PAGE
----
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An electric Kia parked on the street.

Without Engines, Electric Cars Might Be Sputtering Out

Jan. 5, 2018
A new survey indicates that more automakers than not think battery electric vehicles will fail commercially — and most drivers don’t want to buy one.

Electric cars might need some more horsepower for an uphill climb that shows no sign of levelling off.

According to a new survey of almost 1,000 automotive executives and about 2,100 consumers around the world, more people than not think pure battery electric vehicles (BEVs) will fail commercially because of infrastructure challenges or slow recharging times — and almost no one admitted plans to actually drive one off the lot any time soon.

KPMG released its annual Global Automotive Executive Survey this morning with those facts and plenty more. Among them: About half of all consumer respondents globally said they would opt for either a hybrid electric (33%) or a plugin hybrid electric (17%) over a BEV. Here in the United States, a majority of consumers said they would just stick with their internal combustion engine (ICE) vehicle, thanks.

“The internal combustion engine isn’t perfect, but U.S. consumers will continue to stick with what they know and have come to rely on,” said Gary Silberg, the automotive sector leader at KPMG. “Until the value propositions for alternative powertrains become crystal clear to them, consumers will make decisions based on convenience and the overall economics of owning a car — and right now a traditional vehicle still comes out on top for the vast majority of people.”

If electric vehicles do gain traction, BMW (21%) and Tesla Motors (14%) are the automakers that global execs think will be leading the field seven years from now. (American executives, for the record, flip those two, with one in five saying Tesla will be at the head of the pack, inching ahead of BMW.)

Perhaps the biggest roadblock is that just 13% of consumer respondents — and just 5% of those surveyed from America — said they would actually purchase a BEV in the next five years. (Of course, only about one of every 100 cars on the road around the world right now are BEVs, so maybe those numbers aren’t so bad.) Battery charge was cited most often as the reason for steering clear, but it was hardly the only one.

Because of uncertainty over future technology, about four of every five Americans who currently drive a BEV lease their vehicle. The resale value of BEVs also drops far more precipitously than ICE vehicles: According to a recent Bloomberg report, BEV compacts sold in 2014 are only worth 23% of their original sticker price, while comparable ICE vehicles are still worth about 41% of what they originally cost on the lot.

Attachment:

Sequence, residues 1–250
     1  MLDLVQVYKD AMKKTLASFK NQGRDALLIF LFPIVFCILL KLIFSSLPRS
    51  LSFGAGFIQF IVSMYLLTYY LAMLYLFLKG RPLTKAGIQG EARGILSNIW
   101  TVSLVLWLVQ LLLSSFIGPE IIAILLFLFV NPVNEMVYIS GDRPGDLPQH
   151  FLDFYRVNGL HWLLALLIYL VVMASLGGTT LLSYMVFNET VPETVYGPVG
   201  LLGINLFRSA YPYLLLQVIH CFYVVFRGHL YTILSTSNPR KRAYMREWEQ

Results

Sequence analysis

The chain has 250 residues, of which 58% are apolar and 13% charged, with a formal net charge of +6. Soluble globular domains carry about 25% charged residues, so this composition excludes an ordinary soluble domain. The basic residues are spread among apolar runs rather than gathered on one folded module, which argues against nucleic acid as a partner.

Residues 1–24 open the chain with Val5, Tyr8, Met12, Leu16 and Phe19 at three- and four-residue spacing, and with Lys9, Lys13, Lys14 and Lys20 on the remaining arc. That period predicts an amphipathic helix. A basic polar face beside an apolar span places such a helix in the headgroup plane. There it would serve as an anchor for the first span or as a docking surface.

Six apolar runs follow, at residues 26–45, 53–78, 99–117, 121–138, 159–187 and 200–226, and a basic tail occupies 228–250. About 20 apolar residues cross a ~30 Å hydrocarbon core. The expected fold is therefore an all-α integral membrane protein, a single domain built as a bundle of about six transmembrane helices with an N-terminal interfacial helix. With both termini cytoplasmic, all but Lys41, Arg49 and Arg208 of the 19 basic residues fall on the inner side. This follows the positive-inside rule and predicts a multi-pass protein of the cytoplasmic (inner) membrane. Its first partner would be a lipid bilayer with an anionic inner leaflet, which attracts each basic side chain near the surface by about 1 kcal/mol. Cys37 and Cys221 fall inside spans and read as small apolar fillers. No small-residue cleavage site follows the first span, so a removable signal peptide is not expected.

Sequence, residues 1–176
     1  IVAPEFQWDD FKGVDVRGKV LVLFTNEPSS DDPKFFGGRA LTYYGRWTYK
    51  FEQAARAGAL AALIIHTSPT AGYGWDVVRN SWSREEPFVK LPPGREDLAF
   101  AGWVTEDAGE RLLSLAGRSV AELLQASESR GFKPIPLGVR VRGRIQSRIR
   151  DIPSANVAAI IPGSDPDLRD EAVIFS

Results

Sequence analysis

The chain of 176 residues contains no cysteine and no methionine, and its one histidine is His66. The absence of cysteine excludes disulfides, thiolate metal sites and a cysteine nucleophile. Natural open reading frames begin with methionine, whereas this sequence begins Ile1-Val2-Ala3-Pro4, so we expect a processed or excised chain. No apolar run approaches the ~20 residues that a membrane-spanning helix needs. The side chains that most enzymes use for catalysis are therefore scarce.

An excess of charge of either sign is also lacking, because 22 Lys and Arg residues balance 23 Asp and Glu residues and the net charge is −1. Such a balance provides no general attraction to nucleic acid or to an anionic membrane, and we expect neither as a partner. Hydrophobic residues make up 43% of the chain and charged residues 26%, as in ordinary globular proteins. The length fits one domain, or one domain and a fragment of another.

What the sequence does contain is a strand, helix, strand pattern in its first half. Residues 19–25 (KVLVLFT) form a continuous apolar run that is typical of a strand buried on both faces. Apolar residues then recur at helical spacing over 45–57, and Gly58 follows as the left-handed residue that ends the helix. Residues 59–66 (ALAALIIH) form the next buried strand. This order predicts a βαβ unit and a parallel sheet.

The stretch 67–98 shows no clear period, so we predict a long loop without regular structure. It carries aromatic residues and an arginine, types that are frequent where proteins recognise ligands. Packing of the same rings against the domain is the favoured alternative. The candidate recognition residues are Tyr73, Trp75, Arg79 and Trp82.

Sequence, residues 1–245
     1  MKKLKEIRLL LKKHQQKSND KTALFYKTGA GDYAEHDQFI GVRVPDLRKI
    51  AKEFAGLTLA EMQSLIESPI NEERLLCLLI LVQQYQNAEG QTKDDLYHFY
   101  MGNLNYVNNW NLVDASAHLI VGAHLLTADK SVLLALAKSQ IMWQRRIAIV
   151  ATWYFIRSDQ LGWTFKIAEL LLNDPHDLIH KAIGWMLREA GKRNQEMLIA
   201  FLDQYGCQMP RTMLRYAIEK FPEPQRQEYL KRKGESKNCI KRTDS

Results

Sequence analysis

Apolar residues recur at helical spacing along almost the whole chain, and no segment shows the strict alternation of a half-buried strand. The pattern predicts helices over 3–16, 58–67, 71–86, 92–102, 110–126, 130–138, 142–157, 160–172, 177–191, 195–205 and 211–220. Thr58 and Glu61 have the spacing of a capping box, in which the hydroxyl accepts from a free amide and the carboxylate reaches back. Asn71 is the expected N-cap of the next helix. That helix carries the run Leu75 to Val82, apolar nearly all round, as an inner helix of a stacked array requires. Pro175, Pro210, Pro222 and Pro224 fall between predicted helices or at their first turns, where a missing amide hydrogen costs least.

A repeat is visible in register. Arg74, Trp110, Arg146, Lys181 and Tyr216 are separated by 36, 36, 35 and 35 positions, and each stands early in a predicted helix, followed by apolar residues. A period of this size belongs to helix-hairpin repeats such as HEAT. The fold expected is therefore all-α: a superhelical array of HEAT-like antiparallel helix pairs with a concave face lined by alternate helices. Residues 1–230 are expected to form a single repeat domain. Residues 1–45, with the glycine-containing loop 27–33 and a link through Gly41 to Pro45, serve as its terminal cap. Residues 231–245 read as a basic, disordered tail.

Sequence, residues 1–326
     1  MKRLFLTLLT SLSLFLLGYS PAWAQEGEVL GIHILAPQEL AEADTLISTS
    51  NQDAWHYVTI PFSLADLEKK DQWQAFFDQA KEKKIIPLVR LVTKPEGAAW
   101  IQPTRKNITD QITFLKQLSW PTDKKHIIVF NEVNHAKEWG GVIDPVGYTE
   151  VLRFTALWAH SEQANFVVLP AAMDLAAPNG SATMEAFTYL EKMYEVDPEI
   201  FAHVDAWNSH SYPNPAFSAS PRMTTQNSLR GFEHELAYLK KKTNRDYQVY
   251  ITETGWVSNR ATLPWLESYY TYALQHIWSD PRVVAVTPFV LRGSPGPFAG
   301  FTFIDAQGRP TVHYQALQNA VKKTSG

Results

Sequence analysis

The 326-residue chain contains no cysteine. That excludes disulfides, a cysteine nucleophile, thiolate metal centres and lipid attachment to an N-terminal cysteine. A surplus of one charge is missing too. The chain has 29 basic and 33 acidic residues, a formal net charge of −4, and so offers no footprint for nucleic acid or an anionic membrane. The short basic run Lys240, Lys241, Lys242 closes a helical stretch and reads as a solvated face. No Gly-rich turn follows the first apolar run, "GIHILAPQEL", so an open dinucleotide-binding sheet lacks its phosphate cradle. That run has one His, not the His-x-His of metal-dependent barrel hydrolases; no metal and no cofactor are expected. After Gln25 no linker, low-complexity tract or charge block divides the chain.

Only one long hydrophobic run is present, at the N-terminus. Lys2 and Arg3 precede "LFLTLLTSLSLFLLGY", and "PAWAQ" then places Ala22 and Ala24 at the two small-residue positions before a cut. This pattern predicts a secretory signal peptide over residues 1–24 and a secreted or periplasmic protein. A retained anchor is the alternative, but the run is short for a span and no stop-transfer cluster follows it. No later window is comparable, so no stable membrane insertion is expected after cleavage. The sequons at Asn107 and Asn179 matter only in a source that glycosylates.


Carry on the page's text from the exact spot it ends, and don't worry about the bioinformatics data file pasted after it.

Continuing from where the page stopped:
“Automakers are adapting to stricter vehicle efficiency standards, and electrification is a big part of that equation” SIlberg said. “What’s unclear is the value proposition for consumers, especially on vehicles outside the premium market. Given the multi-billion dollar investments — especially in China — the complex global regulatory environment and rapid technological disruption, there will be clear winners and losers in this EV game.” 

On a more optimistic note, 77% of global auto execs and 85% of American execs said they think fuel-cell electric mobility will be the real breakthrough for the tech. Hope charges eternal.

Most drivers, meanwhile, focus only on the bottom line: 67% of consumers surveyed said they don’t care about drivetrain technology. Just give them the most durable, cost-competitive solution that can move them from point A to point B.

About the Author

Matt LaWell | Staff Writer

Staff writer Matt LaWell explores news in manufacturing technology, covering the trends and developments in automation, robotics, digital tools and emerging technologies. He also reports on the best practices of the most successful high tech companies, including computer, electronics, and industrial machinery and equipment manufacturers.

Matt joined IndustryWeek in 2015 after six years at newspapers and magazines in West Virginia, North Carolina and Ohio, a season on the road with his wife writing about America and minor league baseball, and three years running a small business. He received his bachelor's degree in magazine journalism from Ohio University.

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